The accreditation status of a college, university, or program can give you an indication of its general quality and reputation. But just what does accreditation mean, and how does it affect distance learning?
In the U.S., authority over postsecondary education is decentralized. The states have the authority to regulate educational institutions within their borders, and as a consequence, standards and quality vary considerably for state-approved schools. You will find many state-approved schools that are not accredited and many that are.
In order to ensure a basic level of quality for all institutions, including those that offer distance education, the practice of accrediting academic institutions arose. Private, nongovernmental educational agencies with a regional or national scope have adopted standards to evaluate whether or not colleges and universities provide educational programs at basic levels of quality.
Institutional and specialized distance learning accreditation
There are two basic types of accreditation: institutional and specialized.
Institutional accreditation is awarded by one of 6 regional accrediting agencies and many national agencies, such as the Distance Education and Training Council. The regional agencies play the largest role in institutional accreditation. If a distance learning college or university is regionally accredited, that means that the institution as a whole has met the agency's standards. Within the institution, particular programs and departments contribute to the institution's objectives at varying levels of quality. Institutional accreditation is often the type of accreditation that applies to overall providers of accredited distance learning programs.
Specialized accreditation generally applies to a single department, program, or school that is part of a larger institution. The accredited unit may be as big as a college within a university or as small as a curriculum within a field of study. Most specialized accrediting agencies review units within institutions that are regionally accredited, although some also accredit freestanding institutions. There are specialized accrediting agencies in more than 50 fields. Specialized accreditation might apply to individual accredited distance learning programs.
How accredited distance learning programs became accredited
Institutions that seek accreditation conduct an in-depth self-study to measure their performance against the standards. The accrediting agency then conducts an evaluation and either awards accreditation or pre-accreditation status — or denies accreditation. Periodically the agency reevaluates each institution. To that end, accreditation is not a one-shot deal; an institution must maintain high standards or it runs the risk of jeopardizing its status.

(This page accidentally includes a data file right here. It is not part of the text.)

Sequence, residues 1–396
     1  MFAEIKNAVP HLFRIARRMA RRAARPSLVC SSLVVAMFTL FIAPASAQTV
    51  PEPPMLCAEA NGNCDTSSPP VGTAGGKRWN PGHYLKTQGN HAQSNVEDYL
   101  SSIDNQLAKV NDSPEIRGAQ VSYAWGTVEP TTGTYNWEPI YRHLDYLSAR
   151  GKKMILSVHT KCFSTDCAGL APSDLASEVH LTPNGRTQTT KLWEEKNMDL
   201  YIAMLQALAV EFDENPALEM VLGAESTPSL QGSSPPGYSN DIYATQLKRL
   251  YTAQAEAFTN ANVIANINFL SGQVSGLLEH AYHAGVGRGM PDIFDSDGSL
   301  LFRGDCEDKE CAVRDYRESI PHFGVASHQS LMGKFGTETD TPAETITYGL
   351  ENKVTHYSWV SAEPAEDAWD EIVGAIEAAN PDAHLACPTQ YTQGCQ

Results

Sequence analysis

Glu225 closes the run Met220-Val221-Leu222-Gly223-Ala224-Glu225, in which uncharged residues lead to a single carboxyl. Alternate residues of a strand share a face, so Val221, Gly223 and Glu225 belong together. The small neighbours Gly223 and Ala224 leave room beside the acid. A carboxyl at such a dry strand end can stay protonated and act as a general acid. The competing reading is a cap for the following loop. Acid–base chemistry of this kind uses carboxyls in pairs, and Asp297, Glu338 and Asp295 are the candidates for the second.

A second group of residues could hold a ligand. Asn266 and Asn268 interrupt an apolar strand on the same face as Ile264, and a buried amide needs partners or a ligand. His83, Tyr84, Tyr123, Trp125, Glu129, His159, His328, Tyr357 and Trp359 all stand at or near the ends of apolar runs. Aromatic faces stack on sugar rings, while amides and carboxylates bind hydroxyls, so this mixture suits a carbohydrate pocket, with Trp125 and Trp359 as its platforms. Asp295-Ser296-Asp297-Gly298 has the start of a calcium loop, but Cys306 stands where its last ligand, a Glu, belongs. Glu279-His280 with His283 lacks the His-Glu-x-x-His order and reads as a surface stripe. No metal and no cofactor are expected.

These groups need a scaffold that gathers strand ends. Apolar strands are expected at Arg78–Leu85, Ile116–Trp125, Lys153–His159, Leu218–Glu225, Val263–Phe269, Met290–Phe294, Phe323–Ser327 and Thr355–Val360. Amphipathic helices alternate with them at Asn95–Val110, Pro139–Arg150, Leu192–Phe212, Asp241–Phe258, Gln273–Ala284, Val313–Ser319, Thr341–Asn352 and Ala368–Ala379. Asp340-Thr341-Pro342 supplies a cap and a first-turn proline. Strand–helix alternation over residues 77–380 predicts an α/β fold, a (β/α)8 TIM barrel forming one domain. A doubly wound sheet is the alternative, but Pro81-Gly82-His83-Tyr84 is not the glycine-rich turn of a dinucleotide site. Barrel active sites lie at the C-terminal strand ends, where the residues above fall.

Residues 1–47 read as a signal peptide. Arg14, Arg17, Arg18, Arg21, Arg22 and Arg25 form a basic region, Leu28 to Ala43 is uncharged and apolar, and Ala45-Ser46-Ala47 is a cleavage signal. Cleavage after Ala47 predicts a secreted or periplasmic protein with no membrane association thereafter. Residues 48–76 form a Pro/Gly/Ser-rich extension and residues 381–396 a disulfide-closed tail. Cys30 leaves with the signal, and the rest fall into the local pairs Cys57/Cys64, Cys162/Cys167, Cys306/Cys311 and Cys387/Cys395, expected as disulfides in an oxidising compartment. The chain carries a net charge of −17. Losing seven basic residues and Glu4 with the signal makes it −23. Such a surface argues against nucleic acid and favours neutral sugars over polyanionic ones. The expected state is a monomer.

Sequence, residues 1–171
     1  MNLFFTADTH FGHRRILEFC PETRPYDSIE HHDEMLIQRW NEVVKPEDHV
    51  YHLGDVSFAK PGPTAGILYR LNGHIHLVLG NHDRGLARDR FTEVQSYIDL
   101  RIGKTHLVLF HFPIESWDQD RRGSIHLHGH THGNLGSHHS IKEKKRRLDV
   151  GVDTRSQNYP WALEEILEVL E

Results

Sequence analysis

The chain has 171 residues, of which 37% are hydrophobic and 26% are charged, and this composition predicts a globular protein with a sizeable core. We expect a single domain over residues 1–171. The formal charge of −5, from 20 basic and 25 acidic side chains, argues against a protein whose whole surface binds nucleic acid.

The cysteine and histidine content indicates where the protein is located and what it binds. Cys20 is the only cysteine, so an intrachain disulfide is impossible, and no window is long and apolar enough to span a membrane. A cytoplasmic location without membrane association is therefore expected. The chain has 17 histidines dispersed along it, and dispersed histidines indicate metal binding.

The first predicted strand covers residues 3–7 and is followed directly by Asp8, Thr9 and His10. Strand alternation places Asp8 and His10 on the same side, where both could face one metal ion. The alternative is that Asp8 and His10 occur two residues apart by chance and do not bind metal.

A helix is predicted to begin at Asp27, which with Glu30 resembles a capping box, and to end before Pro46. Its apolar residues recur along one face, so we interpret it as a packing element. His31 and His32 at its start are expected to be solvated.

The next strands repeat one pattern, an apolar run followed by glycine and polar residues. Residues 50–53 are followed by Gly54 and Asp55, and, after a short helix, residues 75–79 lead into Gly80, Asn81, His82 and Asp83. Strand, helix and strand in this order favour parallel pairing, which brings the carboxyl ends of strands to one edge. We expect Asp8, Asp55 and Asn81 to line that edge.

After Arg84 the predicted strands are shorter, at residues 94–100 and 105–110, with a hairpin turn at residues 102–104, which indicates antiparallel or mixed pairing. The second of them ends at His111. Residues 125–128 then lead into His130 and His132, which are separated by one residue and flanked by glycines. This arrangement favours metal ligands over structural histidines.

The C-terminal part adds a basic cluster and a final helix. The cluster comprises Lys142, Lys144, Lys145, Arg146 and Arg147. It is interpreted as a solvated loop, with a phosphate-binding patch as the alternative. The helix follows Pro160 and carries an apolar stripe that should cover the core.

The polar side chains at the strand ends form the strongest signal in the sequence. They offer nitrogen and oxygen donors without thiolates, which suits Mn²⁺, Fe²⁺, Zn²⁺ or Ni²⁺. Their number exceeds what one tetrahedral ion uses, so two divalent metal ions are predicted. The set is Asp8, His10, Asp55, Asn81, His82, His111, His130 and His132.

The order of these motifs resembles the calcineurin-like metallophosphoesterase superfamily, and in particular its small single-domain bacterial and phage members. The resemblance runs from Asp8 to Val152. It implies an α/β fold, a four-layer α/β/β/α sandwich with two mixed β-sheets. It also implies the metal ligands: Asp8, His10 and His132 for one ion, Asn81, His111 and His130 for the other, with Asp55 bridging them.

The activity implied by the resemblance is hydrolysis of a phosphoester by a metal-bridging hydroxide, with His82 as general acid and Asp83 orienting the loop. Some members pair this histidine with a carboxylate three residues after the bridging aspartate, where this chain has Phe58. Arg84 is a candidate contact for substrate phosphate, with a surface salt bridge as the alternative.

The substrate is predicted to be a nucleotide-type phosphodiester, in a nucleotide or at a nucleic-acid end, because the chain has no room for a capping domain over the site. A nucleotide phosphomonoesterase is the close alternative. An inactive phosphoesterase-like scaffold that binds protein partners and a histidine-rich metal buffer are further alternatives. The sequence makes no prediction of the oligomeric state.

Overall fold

Seeking accreditation is entirely voluntary on the part of the institution. The initial process takes a long time — as much as 5 to 10 years — and it costs money. For that reason, a very new online learning school will not have been in operation long enough to be accorded status as an accredited distance learning opportunity. Of course, being awarded candidacy status does not ensure that an institution will eventually be granted status as a fully accredited distance learning opportunity.
Distance learning accreditation and your online degree
In some professional fields, you must have a degree or certificate from a program with specialized accreditation in order to take qualifying exams or practice. In others, specialized accreditation has little or no effect on your ability to work.
That said, there are several benefits to enrolling in accredited distance learning programs:
- You are assured of a basic level of quality in education and services.
- Credits are more likely to be transferable to other regionally accredited institutions.
- Your online degree or certificate is more likely to be recognized by colleges and employers as a legitimate credential.
Distance learning accreditation also has financial implications. If you attend an accredited distance learning program, you may qualify for federal loans and grants because regional institutions earning distance learning accreditation are eligible to participate in Title IV financial aid programs.
Your education is an investment — in yourself and in your future. It's important to find out what role distance learning accreditation plays in your field, since it may affect your professional future, as well as the quality of your distance education. Obtaining a distance learning master degree isn't going to be of much use if you can't use that master's degree within the field because it doesn't come from an accredited program. Finding good, accredited distance learning programs is a promising way to ensure the best course for your future.